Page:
Domestic revenue to finance 62% of Budget

The government will continue to widen tax base to mobilise domestic revenue and reduce dependence on foreign aid to fund the 2016/17 Budget.
Lawmakers follow proceedings during the Budget Presentation. (Timothy Kisambira)
Lawmakers follow proceedings during the Budget Presentation. (Timothy Kisambira)

The government will continue to widen tax base to mobilise domestic revenue and reduce dependence on foreign aid to fund the 2016/17 Budget.

This emerged during the Budget Presentation by the Minister for Finance and Economic Planning, Amb. Claver Gatete, before a joint session of Deputies and Senators at Parliament Building yesterday.

 

The Rwf1,949.4 billion Budget will be largely funded domestically.

 

The Government will finance 62 per cent of the Budget through domestic avenues, amounting to Rwf1.216 billlion, an increase of Rwf40.9 billion compared to the previous Budget.

 

The remainder of the Budget will be funded by external resources, worth Rwf733 billion.

Of the external funding, loans will contribute about Rwf367.7 billion from about Rwf235.7 billion in the previous year, while foreign aid will contribute Rwf365.3 billion.

The increase in domestic revenues, Minister Gatete, said reflects economic growth.

Gatete said the more than Rwf40 billion increase in domestic revenue in the 2016/17 Budget will be sourced from expansion of the tax base.

The trend to increase domestic revenue in the National Budget has been consistent in recent years, with 2013/14 Budget having about 60.2 per cent funding generated locally.

The trend to increase self-reliance and less donor dependence in funding the budget has been lauded by economic analysts who say it is positive stride towards sustainable economic development.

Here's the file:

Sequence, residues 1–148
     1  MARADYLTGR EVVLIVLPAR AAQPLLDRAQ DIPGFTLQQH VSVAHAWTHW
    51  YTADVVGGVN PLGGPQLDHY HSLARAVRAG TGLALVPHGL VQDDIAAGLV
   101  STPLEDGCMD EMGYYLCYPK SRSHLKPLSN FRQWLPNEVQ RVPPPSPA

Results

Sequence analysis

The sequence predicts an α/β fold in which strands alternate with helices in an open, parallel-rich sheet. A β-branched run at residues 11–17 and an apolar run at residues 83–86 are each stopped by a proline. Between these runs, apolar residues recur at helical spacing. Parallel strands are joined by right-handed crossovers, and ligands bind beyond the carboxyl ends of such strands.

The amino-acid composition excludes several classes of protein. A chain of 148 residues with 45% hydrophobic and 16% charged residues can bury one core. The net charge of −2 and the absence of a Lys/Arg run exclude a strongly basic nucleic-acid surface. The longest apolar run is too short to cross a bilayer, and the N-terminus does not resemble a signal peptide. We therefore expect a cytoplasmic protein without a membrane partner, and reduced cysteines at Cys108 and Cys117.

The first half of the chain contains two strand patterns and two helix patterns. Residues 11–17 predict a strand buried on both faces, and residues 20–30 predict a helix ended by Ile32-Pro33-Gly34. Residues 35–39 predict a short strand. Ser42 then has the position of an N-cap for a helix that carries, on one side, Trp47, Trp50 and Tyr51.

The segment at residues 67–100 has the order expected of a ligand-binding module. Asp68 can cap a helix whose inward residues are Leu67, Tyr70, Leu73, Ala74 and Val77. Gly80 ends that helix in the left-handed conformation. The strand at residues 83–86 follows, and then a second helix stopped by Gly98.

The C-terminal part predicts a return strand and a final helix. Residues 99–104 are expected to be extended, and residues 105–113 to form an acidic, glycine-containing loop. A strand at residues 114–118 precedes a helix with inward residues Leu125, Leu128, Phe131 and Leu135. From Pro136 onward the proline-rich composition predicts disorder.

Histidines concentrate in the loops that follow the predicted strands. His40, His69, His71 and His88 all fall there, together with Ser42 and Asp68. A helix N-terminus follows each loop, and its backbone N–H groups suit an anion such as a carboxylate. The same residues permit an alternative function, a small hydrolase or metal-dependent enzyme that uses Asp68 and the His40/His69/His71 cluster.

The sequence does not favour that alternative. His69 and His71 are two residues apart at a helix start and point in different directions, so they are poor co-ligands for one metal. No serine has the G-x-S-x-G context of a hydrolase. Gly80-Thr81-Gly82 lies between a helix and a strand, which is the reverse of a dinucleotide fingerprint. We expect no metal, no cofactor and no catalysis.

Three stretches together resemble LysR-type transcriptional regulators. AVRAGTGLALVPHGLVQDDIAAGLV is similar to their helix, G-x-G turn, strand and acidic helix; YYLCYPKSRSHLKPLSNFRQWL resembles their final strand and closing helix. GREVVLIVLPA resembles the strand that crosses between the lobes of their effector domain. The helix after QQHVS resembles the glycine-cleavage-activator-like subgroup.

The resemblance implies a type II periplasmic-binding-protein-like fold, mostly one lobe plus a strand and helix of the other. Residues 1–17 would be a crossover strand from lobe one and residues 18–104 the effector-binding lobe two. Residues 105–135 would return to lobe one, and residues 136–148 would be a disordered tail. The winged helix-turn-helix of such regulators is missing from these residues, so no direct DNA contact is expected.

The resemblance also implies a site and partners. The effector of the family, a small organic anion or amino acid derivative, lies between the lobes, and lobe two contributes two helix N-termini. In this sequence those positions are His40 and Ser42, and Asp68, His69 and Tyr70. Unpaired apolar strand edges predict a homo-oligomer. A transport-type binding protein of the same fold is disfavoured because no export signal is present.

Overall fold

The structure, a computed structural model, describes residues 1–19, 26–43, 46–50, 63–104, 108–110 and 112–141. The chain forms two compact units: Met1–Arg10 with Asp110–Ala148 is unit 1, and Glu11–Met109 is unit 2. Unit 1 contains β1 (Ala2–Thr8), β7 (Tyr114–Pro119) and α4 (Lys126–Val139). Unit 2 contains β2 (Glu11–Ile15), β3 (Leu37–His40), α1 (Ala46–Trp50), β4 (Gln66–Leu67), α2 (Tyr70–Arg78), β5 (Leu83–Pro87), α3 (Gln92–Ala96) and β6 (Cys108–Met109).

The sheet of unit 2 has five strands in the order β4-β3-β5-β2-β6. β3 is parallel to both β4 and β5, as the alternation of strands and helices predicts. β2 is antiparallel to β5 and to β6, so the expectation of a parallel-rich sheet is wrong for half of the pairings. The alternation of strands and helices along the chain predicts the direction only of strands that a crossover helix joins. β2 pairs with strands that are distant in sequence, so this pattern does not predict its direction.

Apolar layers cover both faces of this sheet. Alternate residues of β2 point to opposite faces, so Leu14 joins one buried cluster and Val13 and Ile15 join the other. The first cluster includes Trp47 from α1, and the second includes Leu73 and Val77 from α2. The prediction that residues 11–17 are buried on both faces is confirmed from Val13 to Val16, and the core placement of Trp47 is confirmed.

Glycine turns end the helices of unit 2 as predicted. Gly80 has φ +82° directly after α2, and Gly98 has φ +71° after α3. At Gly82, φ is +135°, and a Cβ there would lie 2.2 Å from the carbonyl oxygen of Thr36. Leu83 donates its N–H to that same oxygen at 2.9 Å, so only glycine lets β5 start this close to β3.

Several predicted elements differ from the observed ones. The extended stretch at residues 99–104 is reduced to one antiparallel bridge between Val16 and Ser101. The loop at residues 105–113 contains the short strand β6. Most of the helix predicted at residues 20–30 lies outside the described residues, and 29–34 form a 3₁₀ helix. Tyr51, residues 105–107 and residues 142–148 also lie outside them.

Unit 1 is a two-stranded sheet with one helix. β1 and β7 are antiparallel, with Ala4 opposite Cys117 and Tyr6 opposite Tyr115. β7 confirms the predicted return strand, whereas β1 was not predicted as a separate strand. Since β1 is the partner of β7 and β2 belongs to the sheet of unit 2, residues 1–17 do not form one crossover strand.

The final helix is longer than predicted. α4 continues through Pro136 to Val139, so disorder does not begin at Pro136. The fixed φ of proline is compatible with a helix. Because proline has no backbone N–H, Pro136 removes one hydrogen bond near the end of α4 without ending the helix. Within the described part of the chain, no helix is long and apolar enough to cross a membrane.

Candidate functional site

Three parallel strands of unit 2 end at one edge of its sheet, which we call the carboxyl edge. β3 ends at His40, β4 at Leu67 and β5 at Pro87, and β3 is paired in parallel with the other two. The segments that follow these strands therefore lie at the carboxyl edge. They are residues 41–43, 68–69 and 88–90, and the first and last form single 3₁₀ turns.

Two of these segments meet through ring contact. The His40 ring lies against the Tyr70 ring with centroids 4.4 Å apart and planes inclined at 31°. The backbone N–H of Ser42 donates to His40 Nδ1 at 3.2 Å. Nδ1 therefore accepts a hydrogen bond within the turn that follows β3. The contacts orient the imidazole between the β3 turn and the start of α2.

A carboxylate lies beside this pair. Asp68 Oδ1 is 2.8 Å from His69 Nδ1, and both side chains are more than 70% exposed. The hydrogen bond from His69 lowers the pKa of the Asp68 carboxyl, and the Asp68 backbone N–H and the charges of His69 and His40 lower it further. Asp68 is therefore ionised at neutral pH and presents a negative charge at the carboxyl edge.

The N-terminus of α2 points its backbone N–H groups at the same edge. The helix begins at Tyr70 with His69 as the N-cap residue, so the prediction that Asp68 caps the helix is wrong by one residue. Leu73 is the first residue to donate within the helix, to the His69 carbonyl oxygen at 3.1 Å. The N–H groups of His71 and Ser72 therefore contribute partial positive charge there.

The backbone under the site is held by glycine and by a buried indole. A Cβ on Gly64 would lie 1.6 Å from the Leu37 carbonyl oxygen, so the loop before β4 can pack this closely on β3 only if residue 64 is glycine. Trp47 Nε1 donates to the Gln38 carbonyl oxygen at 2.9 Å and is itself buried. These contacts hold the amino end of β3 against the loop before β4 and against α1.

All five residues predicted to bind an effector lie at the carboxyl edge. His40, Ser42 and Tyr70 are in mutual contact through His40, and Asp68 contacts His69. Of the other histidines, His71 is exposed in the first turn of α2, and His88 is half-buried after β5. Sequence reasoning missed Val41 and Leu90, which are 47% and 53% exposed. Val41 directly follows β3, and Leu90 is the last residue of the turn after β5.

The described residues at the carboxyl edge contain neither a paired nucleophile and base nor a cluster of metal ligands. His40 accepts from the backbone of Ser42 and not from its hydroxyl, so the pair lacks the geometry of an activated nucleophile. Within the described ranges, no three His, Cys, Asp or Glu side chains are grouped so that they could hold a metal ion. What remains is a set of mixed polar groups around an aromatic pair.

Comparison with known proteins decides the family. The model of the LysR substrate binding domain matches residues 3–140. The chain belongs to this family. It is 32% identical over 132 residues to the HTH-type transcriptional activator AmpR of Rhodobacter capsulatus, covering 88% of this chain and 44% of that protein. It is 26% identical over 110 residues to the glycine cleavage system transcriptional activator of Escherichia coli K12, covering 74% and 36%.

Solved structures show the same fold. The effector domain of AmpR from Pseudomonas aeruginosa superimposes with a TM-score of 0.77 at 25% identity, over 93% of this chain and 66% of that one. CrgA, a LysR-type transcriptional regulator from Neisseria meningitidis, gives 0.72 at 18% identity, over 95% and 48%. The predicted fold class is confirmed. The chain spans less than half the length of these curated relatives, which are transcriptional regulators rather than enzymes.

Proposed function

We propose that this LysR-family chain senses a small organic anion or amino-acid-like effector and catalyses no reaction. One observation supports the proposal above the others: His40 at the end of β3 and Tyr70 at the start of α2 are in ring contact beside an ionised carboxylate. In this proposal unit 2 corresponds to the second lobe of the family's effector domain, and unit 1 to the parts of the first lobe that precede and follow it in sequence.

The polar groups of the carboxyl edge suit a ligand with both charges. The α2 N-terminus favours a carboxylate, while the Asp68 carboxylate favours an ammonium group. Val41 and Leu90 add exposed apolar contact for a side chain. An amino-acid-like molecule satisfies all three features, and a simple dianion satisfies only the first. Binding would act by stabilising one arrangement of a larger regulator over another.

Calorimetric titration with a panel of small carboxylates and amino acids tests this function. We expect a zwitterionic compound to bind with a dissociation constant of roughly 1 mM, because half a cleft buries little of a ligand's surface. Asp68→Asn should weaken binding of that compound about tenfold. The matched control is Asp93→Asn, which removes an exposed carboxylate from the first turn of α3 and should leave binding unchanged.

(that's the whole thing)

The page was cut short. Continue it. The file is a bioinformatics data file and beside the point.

Allan Gichuhi, the Ernst and Young managing partner for Rwanda, told The New Times that the trend has multiple positive impacts, including avoiding conditions that some of the grants and donations come with.

“This will eventually see the country less and less dependent on aid, which at times comes with a lot of conditions and heavy borrowing to fund the Budget,” Gichuhi said.

He explained that widening the tax bracket was a good move and that Rwanda was already doing well in increasing compliance.

Gichuhi said expanding the tax bracket should not cause fear among taxpayers as it will not see an increase in the rates but an increase in tax payers.

“In expanding the tax bracket there should be no fear by the taxpayers. It does not mean an increase in the tax rates but rather bring in more people into the taxpaying group. This will bring in people like the informal sector who are largely responsible for some of the economic development in the African continent,” he said.

The Government’s move, coupled with efficient ways of tax collection by embracing digital technologies to ease taxpaying, would see targets met, he added.

The 2016/17 Budget will be sourced and implementation under the theme, “Fostering growth while increasing exports and boosting Made-in-Rwanda goods and services.”

With this, the government aims at tackling diminishing commodity prices and rising import bill that have adversely affected export earnings and put pressure on foreign exchange reserves.

Minister Gatete said as medium term policy adjustments, the government has requested for financing from the International Monetary Fund’s Standby Credit Facility, amounting to $203 million to help keep external reserves above the critical level of three months’ worth of imports during this adjustment period.

editorial@newtimes.co.rw

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